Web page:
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Will and Trust Contests:
Trusts, even though they avoid the probate process, can be challenged in the Probate Court just like wills can be challenged. The difference is that for a will to be effective it must be filed with the Probate Court and a Probate case must be initiated. A trust typically never goes to Court and the expense of the Court preceding is saved. BUT, a person may challenge the validity of a trust or how a trust is administered in the Probate Court.
Will or Trust contests usually come about because late in life a person changes their estate plans to favor a non-relative such as a "new" spouse, or caretaker, "significant other" or other friend over blood relatives. The blood relatives are convinced that the new beneficiary of the estate plan used "undue influence" to get the old man or woman to include them in their estate. Or they come about because a parent treats their children unequally.
Courts generally apply a rather easy test to whether a person is mentally competent to write or change a will. In other words, if a man of 80 changes his will to favor someone who is not a relative the test is not whether the 80 year old's mind is not what it once was. Rather, the test is did his mind retain enough functioning to know who his relatives are and did he have some reason to favor this new person over his relatives.
There is a trend for courts to be more somewhat more receptive to claims of undue influence concerning the execution of or change to a trust versus the execution of or change to a will. The reason is that trusts are considered contracts and a higher degree of mental competence is necessary to write (or change) a contract than will.
Yes, a will or trust contest can be successful in some circumstances. Was the person who signed the new will or trust amendment on their deathbed? What do the medical records show about the person's mental status at the time of execution of the new document? How long did the non-relative beneficiary know the person who died? What was the relationship?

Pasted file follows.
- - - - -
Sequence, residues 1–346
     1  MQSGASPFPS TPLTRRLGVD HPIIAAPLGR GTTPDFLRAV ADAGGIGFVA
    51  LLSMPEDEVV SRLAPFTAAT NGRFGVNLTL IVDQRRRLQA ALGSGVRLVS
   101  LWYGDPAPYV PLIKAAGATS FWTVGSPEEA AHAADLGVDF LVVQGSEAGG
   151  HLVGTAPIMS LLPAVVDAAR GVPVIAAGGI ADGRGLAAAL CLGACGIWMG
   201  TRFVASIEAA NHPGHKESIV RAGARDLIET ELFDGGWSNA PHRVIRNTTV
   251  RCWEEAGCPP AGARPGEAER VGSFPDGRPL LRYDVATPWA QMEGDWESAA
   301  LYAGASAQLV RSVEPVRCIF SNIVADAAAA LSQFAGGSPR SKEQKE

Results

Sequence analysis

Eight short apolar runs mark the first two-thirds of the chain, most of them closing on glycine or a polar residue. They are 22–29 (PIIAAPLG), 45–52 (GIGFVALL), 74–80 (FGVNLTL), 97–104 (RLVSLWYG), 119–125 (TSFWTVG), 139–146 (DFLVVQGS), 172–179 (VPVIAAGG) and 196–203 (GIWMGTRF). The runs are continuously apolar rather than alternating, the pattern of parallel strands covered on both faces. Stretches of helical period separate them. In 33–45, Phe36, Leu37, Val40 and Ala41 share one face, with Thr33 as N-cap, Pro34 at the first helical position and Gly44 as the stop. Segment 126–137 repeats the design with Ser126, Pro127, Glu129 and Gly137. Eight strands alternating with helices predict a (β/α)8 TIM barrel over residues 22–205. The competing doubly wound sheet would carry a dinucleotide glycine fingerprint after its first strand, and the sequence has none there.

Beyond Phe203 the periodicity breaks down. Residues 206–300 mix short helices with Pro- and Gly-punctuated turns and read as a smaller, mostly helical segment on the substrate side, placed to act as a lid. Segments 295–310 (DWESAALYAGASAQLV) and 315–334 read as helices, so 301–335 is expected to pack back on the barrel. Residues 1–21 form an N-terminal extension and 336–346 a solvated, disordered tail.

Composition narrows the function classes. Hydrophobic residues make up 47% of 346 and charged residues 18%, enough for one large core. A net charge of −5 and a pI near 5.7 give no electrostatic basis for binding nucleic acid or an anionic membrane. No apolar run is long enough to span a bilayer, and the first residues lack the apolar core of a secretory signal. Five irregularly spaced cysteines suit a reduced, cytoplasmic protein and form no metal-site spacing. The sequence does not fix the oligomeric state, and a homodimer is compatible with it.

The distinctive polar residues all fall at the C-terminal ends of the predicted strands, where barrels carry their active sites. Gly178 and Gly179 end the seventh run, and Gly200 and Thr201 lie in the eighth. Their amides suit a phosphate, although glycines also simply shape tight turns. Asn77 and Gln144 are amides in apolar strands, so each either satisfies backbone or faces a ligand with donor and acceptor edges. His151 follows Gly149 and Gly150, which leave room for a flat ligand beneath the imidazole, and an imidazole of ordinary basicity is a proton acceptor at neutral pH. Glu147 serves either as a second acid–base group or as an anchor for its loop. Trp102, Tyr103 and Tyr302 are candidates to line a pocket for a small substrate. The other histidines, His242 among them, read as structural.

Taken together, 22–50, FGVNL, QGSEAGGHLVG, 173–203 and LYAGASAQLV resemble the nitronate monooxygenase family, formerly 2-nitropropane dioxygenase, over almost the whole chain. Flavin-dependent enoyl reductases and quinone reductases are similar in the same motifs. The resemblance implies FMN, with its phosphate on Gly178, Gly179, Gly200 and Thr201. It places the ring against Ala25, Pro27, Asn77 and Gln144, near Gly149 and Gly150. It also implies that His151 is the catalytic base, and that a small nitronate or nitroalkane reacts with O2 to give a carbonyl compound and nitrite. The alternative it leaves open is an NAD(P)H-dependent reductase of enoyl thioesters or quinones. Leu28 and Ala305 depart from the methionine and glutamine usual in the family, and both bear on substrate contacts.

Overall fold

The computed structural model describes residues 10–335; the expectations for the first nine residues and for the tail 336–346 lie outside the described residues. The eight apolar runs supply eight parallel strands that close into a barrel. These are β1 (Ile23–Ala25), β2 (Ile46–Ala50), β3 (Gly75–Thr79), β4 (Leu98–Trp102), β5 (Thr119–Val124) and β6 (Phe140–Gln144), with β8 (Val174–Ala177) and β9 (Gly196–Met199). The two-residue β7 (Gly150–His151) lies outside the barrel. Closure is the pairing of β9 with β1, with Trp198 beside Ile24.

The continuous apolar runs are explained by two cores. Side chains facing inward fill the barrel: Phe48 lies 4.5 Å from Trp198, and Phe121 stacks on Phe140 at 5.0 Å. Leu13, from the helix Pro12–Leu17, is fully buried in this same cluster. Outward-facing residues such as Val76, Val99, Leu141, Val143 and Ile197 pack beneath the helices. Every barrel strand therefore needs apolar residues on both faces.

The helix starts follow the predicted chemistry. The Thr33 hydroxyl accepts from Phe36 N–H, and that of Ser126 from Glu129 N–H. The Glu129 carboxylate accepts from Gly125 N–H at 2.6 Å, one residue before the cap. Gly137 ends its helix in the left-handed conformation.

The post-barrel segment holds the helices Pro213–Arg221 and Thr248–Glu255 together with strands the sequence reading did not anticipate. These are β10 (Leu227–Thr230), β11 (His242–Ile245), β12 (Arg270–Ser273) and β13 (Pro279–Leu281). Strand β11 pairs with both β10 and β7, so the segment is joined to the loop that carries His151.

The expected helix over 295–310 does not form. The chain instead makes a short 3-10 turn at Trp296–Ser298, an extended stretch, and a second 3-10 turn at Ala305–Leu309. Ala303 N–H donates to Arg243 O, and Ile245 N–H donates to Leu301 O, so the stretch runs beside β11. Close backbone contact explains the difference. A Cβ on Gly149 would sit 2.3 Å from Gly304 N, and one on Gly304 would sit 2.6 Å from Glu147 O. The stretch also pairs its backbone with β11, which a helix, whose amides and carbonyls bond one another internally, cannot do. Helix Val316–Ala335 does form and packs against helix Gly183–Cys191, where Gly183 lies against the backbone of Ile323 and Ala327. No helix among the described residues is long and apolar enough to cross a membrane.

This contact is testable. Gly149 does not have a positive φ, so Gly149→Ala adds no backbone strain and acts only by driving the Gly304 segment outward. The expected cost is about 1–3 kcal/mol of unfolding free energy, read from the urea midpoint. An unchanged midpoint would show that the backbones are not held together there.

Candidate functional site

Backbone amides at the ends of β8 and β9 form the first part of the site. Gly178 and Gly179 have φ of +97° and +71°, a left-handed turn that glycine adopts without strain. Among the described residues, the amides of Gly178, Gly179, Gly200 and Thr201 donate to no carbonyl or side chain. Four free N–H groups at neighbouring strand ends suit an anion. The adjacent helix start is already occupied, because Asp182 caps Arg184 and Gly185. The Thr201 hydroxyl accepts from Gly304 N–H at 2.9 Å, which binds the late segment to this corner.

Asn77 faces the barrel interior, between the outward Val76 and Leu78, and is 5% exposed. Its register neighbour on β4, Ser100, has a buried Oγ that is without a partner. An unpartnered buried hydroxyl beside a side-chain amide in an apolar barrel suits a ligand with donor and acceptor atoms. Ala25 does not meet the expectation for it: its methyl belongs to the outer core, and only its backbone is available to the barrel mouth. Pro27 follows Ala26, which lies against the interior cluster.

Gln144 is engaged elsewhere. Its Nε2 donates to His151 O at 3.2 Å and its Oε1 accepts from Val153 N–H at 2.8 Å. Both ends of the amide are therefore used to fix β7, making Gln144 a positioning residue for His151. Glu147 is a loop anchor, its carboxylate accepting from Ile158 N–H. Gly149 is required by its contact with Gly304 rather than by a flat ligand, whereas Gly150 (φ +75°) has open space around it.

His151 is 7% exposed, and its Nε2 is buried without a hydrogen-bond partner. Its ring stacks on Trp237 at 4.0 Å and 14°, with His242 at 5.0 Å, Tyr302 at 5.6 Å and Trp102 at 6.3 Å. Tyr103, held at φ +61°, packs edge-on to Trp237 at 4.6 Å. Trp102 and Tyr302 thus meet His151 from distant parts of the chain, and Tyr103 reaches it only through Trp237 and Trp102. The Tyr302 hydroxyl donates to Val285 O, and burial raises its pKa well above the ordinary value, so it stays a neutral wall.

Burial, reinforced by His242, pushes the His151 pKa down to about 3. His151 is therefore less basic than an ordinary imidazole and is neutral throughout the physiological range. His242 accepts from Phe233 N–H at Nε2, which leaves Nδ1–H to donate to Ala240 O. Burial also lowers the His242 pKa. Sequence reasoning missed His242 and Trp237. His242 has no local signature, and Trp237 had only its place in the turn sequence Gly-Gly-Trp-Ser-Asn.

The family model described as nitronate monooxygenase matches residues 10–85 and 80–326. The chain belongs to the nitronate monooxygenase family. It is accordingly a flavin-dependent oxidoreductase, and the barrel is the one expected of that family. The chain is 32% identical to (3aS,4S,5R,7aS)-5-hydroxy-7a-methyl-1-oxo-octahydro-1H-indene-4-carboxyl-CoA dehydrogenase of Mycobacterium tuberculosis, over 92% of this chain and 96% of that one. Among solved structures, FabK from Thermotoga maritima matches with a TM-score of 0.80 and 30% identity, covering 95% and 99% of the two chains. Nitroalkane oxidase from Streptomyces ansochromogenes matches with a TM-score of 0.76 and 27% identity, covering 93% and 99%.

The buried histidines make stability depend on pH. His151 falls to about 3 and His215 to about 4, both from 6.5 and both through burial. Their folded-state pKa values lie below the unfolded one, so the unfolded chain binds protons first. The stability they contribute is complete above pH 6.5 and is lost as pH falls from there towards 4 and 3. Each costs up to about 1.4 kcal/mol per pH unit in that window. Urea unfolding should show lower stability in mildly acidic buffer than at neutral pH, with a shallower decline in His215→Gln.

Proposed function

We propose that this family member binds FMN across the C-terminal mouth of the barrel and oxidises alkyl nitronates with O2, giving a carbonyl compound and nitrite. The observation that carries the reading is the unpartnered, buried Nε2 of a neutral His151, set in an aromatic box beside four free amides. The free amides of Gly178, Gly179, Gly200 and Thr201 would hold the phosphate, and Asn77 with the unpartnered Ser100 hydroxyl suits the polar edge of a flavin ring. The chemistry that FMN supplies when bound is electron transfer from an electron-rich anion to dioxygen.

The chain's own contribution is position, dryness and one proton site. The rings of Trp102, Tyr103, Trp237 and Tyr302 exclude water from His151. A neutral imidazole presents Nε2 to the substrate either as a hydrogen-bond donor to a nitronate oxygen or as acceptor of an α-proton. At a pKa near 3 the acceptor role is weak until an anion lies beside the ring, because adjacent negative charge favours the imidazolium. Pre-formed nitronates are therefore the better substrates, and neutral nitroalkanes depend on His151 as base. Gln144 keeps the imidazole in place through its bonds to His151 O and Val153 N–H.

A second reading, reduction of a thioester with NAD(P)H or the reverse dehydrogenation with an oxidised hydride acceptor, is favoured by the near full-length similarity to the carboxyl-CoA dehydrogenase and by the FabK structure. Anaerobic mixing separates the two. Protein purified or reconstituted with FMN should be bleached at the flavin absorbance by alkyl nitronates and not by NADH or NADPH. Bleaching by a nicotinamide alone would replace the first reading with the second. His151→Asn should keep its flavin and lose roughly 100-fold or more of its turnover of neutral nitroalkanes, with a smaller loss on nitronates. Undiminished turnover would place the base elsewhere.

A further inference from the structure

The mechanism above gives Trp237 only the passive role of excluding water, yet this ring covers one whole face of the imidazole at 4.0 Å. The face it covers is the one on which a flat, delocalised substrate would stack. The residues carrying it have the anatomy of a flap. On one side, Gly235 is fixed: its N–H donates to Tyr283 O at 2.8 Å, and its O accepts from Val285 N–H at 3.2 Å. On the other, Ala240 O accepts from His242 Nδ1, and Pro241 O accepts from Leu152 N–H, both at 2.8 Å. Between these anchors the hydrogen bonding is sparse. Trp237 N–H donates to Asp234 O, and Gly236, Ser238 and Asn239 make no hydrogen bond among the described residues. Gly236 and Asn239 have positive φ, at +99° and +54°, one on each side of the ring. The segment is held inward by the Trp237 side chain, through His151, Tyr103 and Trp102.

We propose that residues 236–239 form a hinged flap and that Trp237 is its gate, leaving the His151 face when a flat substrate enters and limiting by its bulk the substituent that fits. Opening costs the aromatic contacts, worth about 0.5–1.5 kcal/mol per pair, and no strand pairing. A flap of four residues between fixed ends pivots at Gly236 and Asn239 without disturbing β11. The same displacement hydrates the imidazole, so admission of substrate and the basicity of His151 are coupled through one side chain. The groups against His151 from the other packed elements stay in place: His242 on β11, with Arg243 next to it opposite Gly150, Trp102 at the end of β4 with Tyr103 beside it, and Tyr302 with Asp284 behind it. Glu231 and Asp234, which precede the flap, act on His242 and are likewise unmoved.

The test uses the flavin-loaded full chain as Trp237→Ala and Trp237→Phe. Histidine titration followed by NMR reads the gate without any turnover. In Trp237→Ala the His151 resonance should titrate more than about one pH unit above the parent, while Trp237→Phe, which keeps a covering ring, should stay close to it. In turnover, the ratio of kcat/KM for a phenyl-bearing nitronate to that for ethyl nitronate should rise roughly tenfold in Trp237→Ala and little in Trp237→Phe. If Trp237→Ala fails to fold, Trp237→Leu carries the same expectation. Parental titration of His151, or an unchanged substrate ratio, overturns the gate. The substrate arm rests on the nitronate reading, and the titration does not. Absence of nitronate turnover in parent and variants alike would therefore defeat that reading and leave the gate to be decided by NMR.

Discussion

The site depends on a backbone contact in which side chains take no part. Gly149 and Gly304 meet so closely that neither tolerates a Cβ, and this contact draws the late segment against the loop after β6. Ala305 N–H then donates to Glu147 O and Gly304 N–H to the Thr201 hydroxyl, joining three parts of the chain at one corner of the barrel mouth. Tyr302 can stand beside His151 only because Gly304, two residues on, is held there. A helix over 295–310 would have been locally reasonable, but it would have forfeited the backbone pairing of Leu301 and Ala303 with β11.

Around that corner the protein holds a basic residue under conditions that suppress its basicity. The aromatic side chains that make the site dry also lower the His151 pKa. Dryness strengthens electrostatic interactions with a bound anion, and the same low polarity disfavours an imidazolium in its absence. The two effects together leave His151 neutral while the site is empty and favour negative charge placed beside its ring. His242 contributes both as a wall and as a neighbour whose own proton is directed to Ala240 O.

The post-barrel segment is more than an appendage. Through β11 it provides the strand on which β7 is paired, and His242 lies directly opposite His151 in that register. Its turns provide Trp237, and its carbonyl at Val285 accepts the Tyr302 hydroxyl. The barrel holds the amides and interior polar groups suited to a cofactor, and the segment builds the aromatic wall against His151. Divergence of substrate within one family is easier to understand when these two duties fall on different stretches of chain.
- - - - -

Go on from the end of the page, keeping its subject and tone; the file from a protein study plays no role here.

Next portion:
But, will or trust contests are tough. Our firm, like most attorneys, will not take a will or trust contest on a contingency fee except in very special circumstances. Depending on the assets in the estate and whether our prospective client is a named successor trustee or executor under the will, we may or may not look to the estate to get paid. Will or trust contests can eat up significant assets out of the estate. The probate court which has jurisdiction of both trusts and wills may, depending on circumstances, allow attorneys' fees and costs for both sides out of the estate.
In addition to legal fights over who gets what, there will sometimes be legal fights over how a successor trustee or how an executor or administrator is winding up the estate for distribution.
PRACTICE TIP: if a will or trust change is contemplated late in life when the person losing out by the change may be expected to make a challenge to the new will or trust, it may be worthwhile to have the will or trust writer voluntarily submit to an examination by a psychologist who declares the write of sound mind to make any future challenge very difficult. We do not get involved in this sort of referral, we can refer you to probate lawyers who do.
PRACTICE TIP: For our low prices, we do not want to get dragged into court as witnesses. We do not write wills or trusts or trust amendments for "old people" who do not make their own appointments, but instead an adult child makes the appointment, brings Mom or Dad into the office, and explains that the new document will favor the adult child arranging all of this over his or her siblings. On the other hand, if one of three adult children brings in Mom to do a trust that treats all three adult children equally and the motivation is to avoid probate, we don't have a problem with that.
Additional comments on will contest are on the page: Problem Probates